by Eva Avenue
Carol’s painting show Barcelona opens with a reception March 8 in St. Petersburg, FL from 5 to 8pm at the Morean Arts Center, which should really be called art center, cause it’s all visual art, but I guess that’s the trend, to be all inclusive all the time of everything. Postmodernism and everything. THE ARTIST WILL GIVE A TALK AT 6PM!
Since she’s my mom, I started the interview off like—
I always had the idea that having kids really slowed down your art career and for this I’ve always felt guilty. Now be honest—do you ever wish you’d never had kids?
Carol Dameron: Oh my god!! The short answer is no. The truth is I never ever wished that and I always put the kids first and I wanted to! And I’m a much better painter because of the kids.
Cause they’re my models and you have good designs and you’re poetic and it made my life richer and I thought it was really helpful. I never accepted the idea you had to stop cause you had kids. I just worked around it. I think it would be really bleak not to have kids and just have this lonely paintbrush. What kind of life is that? I’m not interested in that. I am surprised that you felt guilty cause I don’t feel that all. My friend’s mother was a singer and she also didn’t make it. She’d say to her kids, “You ruined my life. If it wasn’t for you…” But, god! I don’t think it’s that hard to be a reasonable parent. I mean, you gotta hide all that.
What is your favorite thing about painting?
I like colors, I like sloppy goo. It feels like I’m painting with butter when I use oils. I like laying out the palette, the smells, and seeing how the colors work on the palette. I like slopping. I like the different textures when you can have thin washes and little dry swabs and thick strokes and I like it when it works. When it doesn’t work, I can’t stand it. But at this point I’m starting to understand painting.
What do you dislike most about art today?
Oh, I feel that given the world in which we live and the anxiety and the trauma, what I see from a bird’s-eye view is the range of emotion is limited and a lot of the work deals with some level of psychological damage. So what I’m starting to see is several cracks in the surface, I’m seeing the world become round again and there’s a full range of different emotion. Picasso had horror and war and also joy and maternity, maternal feelings; he’d portray all sorts of feelings and I think we’re going back to that.
Actually, I’ve done a painting with a violinist and some dancers called The End of Indifference and I call it that with a nod to the art world. The universal meaning to this painting is this rounding out of emotion that I’m seeing in the art world. It looks to me like the art is becoming more thoughtful. There’s a lot of great art out there. There’s a more complete set of emotions, it feels a little more complete now. Dark and light.
There has always been great art and I also believe a person can be in the corner on the other side of the world and making something that’s so wonderful and we just don’t know about it. You don’t have to be famous to be great but I do think in the end, history chooses rightly. The only mistake history made is forgetfulness. Vermeer and Bach were lost for awhile and then they were found. I don’t think history chooses artists that aren’t great.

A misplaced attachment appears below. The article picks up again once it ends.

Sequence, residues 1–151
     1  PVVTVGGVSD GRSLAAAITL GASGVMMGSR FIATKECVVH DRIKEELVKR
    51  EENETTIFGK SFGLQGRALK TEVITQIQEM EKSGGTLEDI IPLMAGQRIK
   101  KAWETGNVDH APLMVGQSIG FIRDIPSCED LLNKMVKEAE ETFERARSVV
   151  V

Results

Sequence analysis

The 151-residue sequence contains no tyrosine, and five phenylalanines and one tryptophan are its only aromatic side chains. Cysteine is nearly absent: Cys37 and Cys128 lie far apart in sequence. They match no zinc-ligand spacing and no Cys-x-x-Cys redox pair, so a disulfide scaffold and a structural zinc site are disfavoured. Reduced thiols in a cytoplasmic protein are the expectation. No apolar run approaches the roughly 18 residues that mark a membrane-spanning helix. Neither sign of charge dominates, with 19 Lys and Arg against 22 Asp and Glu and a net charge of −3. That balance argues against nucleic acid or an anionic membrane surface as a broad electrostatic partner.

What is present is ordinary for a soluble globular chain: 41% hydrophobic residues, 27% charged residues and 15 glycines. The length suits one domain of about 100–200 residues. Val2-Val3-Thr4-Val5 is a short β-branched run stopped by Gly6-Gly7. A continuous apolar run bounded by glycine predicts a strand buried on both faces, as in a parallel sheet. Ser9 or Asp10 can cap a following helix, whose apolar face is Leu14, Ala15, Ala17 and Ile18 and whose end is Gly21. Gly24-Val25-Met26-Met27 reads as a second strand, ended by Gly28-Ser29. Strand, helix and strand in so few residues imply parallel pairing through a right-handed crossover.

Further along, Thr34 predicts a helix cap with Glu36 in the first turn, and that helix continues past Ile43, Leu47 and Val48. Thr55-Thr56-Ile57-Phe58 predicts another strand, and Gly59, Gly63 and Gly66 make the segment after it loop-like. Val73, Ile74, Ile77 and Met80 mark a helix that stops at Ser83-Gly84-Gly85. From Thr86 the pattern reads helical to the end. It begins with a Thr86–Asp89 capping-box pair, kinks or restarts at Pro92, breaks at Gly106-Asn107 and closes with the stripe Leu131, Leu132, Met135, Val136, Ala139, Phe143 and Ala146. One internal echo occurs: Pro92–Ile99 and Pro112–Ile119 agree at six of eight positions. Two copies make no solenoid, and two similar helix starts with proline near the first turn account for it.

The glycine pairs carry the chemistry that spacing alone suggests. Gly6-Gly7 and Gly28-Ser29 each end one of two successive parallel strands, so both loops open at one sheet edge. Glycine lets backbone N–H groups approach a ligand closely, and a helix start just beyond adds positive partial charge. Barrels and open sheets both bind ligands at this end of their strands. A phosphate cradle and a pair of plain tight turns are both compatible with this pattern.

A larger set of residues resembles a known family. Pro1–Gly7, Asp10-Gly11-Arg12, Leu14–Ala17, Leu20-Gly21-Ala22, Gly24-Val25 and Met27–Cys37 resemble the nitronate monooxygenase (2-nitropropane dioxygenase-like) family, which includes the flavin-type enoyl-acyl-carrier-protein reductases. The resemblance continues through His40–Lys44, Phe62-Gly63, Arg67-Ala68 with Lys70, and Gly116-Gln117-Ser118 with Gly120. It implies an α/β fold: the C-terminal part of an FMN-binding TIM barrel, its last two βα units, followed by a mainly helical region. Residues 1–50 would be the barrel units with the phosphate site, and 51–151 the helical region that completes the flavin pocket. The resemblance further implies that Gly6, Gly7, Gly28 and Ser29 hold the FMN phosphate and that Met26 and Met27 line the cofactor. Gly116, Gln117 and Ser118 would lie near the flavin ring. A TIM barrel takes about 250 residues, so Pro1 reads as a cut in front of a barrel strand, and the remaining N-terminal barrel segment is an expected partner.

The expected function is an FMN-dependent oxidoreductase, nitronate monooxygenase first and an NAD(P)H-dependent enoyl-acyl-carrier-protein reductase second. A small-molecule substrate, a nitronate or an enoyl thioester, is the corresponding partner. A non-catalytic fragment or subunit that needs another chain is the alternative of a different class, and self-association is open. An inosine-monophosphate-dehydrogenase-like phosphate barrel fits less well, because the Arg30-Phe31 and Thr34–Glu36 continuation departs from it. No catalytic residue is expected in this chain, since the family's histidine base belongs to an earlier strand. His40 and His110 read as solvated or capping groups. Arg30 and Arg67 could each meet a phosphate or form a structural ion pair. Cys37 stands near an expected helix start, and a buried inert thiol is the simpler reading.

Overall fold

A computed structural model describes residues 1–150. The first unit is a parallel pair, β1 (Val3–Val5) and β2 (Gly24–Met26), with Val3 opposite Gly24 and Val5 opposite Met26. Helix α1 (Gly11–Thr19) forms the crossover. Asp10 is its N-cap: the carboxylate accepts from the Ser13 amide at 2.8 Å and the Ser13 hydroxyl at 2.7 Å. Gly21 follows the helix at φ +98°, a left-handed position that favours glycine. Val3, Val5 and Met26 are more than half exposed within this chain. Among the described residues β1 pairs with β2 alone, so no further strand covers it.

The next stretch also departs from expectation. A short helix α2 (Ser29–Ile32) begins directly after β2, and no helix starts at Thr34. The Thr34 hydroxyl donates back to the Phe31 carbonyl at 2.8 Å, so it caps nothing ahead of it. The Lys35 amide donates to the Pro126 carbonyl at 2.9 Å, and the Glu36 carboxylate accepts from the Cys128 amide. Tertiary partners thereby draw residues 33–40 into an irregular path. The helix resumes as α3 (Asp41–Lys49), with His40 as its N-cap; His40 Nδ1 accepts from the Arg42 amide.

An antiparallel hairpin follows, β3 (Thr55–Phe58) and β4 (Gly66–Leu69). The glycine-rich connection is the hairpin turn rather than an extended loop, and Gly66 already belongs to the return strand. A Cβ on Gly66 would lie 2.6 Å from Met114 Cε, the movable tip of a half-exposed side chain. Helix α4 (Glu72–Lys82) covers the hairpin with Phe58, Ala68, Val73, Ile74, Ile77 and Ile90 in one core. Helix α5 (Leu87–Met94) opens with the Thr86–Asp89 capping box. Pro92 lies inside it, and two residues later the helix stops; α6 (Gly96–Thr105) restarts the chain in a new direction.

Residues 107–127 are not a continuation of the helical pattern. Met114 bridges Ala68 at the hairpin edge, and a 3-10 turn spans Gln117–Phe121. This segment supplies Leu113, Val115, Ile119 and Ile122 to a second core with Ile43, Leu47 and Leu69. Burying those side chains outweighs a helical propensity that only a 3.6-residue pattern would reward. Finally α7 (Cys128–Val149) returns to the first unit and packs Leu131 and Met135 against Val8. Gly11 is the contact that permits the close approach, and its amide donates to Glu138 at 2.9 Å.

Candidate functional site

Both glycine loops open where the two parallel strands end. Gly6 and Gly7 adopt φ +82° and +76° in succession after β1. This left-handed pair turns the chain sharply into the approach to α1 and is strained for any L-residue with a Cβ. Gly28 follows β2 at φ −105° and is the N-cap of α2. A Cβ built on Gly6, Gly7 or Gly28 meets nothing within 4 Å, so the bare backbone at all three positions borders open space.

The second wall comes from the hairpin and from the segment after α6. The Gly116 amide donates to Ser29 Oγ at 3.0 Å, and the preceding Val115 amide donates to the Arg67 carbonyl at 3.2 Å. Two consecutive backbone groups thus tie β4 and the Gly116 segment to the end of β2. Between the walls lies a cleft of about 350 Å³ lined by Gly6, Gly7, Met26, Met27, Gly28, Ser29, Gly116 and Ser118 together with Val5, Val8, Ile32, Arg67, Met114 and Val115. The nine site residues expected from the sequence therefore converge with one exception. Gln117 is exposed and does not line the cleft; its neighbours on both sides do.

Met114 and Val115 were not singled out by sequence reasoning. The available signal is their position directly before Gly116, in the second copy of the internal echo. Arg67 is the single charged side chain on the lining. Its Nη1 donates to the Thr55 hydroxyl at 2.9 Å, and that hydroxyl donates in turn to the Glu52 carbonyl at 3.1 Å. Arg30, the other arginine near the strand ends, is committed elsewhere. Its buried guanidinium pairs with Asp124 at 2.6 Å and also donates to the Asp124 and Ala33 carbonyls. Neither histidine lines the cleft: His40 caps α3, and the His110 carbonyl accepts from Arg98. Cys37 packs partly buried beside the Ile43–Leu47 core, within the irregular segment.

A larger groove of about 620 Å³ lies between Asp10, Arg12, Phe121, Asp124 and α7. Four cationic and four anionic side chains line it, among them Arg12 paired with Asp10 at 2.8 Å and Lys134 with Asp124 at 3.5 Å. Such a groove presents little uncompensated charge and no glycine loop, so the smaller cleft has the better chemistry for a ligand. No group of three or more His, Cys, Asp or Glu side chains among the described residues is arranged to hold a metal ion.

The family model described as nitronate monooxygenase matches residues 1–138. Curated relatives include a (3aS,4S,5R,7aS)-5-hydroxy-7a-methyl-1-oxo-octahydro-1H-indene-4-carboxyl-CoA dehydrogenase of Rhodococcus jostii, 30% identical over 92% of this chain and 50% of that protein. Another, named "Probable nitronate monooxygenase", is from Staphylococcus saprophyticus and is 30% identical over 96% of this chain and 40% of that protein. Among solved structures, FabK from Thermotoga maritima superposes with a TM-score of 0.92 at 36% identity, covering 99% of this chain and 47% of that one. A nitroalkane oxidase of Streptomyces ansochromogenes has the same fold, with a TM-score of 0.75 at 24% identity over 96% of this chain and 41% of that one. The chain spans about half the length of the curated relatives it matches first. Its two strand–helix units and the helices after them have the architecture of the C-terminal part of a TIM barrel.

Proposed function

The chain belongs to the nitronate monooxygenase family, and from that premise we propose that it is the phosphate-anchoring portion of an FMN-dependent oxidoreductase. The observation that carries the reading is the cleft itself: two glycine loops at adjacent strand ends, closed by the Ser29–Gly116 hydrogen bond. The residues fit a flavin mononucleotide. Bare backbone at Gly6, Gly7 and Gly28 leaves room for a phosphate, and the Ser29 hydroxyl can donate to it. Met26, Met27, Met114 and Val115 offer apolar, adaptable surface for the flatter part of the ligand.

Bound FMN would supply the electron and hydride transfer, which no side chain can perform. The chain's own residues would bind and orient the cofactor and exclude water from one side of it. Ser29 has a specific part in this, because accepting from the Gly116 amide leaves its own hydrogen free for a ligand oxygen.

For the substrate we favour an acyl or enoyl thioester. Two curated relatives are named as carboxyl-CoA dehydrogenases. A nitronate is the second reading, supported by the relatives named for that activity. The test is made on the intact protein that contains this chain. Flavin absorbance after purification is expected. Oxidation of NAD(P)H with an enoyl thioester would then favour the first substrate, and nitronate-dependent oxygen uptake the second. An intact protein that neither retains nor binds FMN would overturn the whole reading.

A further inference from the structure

Do you treat painting like a 9-5 job?
Yeah—you can’t wait to be inspired. It’s just the work part, the nuts and bolts. You get up and go to your studio and you get your materials today and make your drawing and analyze and make a color study if you need it and get to work. You can’t just lie around waiting for the muse to arrive. You just get up and go. It’s not a question. But one day out of the week I teach a painting class, I teach advanced painting on Wednesdays at the Suntan.
What was the thing you were saying about the personal story set against some universal narrative or whatever?
An allegory is a story with a story behind it, so you’d have a personal story thrown against the backdrop of a universal theme.
What is exciting about this particular art show at the Morean?
It’s a great place to show work. The people that are there are so great and they have a good eye and they’re so nice and so easy to work with. Working with Amanda and Melissa, they’re so human, just so human and I want all the art world to be like them. I’ve been putting together this work for several years now and working very slowly ’cause the work has a lot of layers to it, lots of complexity and levels to the paintings and they’re large.
The last year I’ve really ramped it up to where I’m working six or seven days a week. I really like that. I worked up until the last minute and plus I have a lot of new drawings. I spent years making sketches for paintings but I have so much basis and training as a drawer—that’s my first thing, really. I love drawing so much and I produced some small drawings of windmills and spaceships which are both ancient and move around with the air.
I’m using the windmill as the symbol of the artist in my work because of the solitude and the heaviness and the turning mills of the mind, which makes sense. I think it would be more of a solitary thing wherever you were.
If you could live in a city other than St. Pete, which three would you choose?
Well, probably Barcelona, and Vence in the south of France where Chagall lived, and then I’d go to Miami. I’m happy now being in America, and if I had to go anywhere else in America I’d head south cause of the flora and fauna.
"There are moments in our lives, there are moments in a day, when we seem to see beyond the usual. Such are the moments of our greatest happiness. Such are the moments of our greatest wisdom. If one could but recall his vision by some sort of sign. It was in this hope that the arts were invented. Sign-posts on the way to what may be. Sign-posts toward greater knowledge." ~Robert Henri